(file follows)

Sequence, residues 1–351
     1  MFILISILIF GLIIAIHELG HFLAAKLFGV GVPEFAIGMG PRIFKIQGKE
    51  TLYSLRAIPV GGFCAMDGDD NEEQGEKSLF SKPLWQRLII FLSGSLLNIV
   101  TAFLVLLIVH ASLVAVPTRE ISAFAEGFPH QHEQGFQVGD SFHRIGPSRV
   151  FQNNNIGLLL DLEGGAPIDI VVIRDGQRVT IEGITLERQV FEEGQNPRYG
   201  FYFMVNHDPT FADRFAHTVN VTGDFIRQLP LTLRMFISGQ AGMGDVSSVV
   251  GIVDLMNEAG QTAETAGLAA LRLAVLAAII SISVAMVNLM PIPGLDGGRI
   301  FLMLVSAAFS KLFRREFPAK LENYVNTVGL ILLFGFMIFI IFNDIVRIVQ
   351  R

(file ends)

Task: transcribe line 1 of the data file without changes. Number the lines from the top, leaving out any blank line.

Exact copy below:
Sequence, residues 1–351